The Week in Mobile: March 5 – 11, 2017


Google Brings Image Recognition to Video, The Battery may be Getting an Upgrade, Facebook’s VR App, and More

Each week we round up the top news stories, think pieces and other content that centers on the fast-paced, quickly changing world of mobile technology. We tell you which companies are employing clever mobile strategies, illuminate new ways of thinking about mobile and offer a peek at meaningful trends in the industry. This content is designed to inspire you and your company to take advantage of the many benefits mobile can offer.

Connecting Users to the Art World

Billed as the “Shazam for art,” a soon-to-be-released app called Smartify is making museums and galleries a lot more accessible. Reminiscent of the song-identifying service, Smartify lets users scan a piece of art to pull up background information on the piece. If they like what they see (and read), users can save the image to access later. The incentive for galleries and museums? Making their artwork available on Smartify lets them tap into user data like demographics and favorite artwork — information that could help draw in more crowds. The app, which is set to launch in May, will initially only work with artwork at specific museums in Paris, London, Amsterdam and New York. Smartify will also work with copies of the artwork.

Speaking of Shazam, the magical music recognition app recently introduced “Shazam Codes” as part of an expanded revenue strategy. Using augmented reality and their phone’s camera, users can scan images similar to QR codes to access exclusive offers and experiences. First up is a partnership with Jim Beam’s parent company, Beam Suntory.

Lithium-Ion Battery Inventor Introduces New, Longer-Charging Battery

At 94 years old, John Goodenough might’ve changed the battery game — again. Working alongside Maria Helena Braga, a senior research fellow at the Cockrell School of Engineering, Goodenough created a battery that weighs the same as a lithium-ion battery, but has triple the energy density. Their creation could have many uses, from allowing a single smartphone charge to last a full week to making electric cars more commonplace.

Facebook Introduces Its First VR App

The social network just made a big move for video content. Owners of the Samsung Gear VR can now download Facebook 360 from their Oculus app to interact with 360 degree videos and photos. The app lets users explore and react to photos and videos across Facebook — not just from their existing Facebook friends. Facebook 360 also lets users save their favorite content and upload their own photos and videos, which will appear on a timeline. Facebook has been making several big moves towards video recently, including launching video apps for Apple TV, Samsung Smart TV and Amazon Fire TV.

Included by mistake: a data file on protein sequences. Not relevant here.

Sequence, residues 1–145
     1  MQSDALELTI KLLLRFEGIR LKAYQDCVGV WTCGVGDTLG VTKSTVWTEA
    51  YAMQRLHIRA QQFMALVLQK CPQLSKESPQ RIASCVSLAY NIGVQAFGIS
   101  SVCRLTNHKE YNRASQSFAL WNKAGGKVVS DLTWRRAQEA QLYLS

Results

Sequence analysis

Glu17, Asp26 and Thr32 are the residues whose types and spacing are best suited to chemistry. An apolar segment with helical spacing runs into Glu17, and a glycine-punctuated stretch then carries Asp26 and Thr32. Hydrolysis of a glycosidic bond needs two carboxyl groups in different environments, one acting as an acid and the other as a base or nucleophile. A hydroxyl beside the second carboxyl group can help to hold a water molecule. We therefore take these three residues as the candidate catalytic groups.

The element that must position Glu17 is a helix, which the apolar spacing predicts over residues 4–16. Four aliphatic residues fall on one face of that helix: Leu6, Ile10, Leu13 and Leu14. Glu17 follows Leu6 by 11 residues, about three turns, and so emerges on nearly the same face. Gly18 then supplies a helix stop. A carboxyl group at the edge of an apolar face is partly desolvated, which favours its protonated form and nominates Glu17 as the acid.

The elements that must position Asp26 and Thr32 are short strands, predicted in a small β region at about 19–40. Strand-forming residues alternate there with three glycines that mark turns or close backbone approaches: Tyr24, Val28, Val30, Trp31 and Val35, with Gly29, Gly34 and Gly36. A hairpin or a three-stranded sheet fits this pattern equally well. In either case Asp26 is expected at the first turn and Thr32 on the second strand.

Snap Stock Volatility

Since the company’s IPO on March 2, Snap has seen some significant dips in its first full week as a public company. Last Monday, the price dropped 12 percent, and on Tuesday, it dropped another 10 percent, which has been attributed to a “sell” rating from several analysts and a lack of confidence in Snap’s growth potential. But there’s still some level of stability at play: many of the early buyers are obligated to hold their stock for a full year. For employees, that holding time is 150 days. Continued growth of Snap’s user base is likely the biggest factor in how things will shake out.

Google Takes Image Recognition to Video

Last week, Google announced its Video Intelligence API, which uses machine learning to not only pinpoint specific objects within videos, but also allow users to search for specific objects in those videos. Now, developers can use Google’s new API to build apps that can find specific video content and also tag when a video scene changes. The catch? All videos need to live on Google’s cloud. To start experimenting with the API, developers can register for private beta.

Pinterest Ups Its Image-Searching Game

In its latest image-recognition move, Pinterest is going beyond its own platform to make its services more widely available. Its new feature is an update of a Chrome extension called “Pinterest Save Button,” which previously let users save images to their boards no matter where they lived online. Now, the extension takes things one step further, allowing users to click on a photo (on a retailer’s website, for example) and access all similar items that exist on Pinterest. Users can then choose whether to click on one of those similar images and be redirected to Pinterest, or to stay on the retailer’s website.

Last week Pinterest also acquired Jelly, a search engine created by Pinterest investor and co-founder of Twitter, Biz Stone. Jelly, which attempted to one-up Google with answers to the most specific of search questions, was largely regarded as a flop. However, signs point to Pinterest being more interested in Jelly’s talent than its technology.